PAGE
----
I can’t help feeling a little allegorical. I took the lesson of these weeks from the text on the collage of the geese, adapted from a Siberian shaman’s song:
“The birds’ way of returning, The birds’ way of leaving behind the sea, If I lean on these ways, I find support for my legs.”
Where are you finding support in these difficult times? Drop a comment and let me know what flashes or colors or things outside your window keep you going. If you have any questions about the works below, I’ll be happy to answer.
Also, issue #2 of the newsletter is scheduled for around July 16th. Sign up now for more updates and exclusive content.
Estuary Moon, part of the Mystic River Project and Cities
Death of Orpheus, part of Literary Works, another experiment
The Brickbottom Artists Association exhibition, “Construction/Deconstruction,” is now up in full online. Please enjoy!
The Brickbottom Gallery here in Somerville was forced to close to the public due to the pandemic, but my fellow artists did a fantastic job establishing our first virtual gallery. Our annual spring show is extended into the summer.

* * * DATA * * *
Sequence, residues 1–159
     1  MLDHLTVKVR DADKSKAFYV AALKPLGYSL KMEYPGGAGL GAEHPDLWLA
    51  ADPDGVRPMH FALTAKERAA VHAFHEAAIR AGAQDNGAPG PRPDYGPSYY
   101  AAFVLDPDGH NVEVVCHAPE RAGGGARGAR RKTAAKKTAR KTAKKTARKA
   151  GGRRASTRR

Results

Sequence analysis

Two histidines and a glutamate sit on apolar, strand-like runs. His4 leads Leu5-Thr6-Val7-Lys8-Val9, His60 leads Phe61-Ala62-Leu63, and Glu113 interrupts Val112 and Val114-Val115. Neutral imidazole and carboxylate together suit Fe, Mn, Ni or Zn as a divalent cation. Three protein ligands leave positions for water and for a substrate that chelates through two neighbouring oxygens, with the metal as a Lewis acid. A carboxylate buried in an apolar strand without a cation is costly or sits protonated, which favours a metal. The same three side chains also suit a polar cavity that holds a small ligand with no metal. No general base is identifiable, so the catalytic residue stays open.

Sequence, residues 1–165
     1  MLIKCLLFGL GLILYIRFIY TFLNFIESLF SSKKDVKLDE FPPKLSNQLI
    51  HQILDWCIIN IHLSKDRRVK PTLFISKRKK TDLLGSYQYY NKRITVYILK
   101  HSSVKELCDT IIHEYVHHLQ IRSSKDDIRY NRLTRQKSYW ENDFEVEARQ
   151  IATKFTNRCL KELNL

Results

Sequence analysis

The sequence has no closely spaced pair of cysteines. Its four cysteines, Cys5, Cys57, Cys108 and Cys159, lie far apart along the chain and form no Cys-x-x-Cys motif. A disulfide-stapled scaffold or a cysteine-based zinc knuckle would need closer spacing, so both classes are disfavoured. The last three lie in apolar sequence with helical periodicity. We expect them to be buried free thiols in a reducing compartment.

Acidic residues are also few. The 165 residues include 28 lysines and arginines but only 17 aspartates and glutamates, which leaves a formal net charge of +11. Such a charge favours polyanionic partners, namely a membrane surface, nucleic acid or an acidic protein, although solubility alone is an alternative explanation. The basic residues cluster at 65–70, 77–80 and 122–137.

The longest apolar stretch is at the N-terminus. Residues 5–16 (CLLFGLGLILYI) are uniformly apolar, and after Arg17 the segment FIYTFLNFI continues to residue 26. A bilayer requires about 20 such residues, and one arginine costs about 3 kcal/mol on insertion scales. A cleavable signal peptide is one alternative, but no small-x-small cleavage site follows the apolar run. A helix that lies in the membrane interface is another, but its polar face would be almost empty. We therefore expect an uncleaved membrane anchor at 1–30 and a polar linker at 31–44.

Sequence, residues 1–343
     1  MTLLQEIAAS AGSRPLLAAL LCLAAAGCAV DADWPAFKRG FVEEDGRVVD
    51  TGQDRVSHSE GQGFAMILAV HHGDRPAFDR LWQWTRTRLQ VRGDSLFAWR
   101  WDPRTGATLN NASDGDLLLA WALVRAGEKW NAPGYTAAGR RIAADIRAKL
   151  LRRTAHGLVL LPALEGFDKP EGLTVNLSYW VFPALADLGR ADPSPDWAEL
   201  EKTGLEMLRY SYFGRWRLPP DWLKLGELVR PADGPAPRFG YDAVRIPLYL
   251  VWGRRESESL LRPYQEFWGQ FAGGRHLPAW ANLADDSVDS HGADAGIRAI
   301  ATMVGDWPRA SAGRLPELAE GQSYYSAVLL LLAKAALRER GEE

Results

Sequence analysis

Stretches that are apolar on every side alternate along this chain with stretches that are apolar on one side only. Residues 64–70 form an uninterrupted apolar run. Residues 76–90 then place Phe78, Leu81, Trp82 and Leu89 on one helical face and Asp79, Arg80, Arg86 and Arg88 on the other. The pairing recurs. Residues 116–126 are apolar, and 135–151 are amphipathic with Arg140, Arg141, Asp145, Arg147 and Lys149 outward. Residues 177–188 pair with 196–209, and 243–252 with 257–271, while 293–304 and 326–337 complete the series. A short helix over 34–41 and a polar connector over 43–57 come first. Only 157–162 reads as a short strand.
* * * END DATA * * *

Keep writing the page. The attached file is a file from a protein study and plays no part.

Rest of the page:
COVID-19 has people all over the world confronting the idea of being at home in ways that we may never have before. Many are chafing at the restriction imposed by the virus, but why? Isn’t “home” supposed to have a good connotation? It’s where the heart is, right?
I’ve always felt a vague fascination with interior spaces. The light through a window, illuminating floating dust. The clues hinted at by personal possessions, by people’s neatness or their mess. The sense of place and time we get from furniture, decor, organization, tools and appliances. Our homes express much about us, more than we plan or may realize.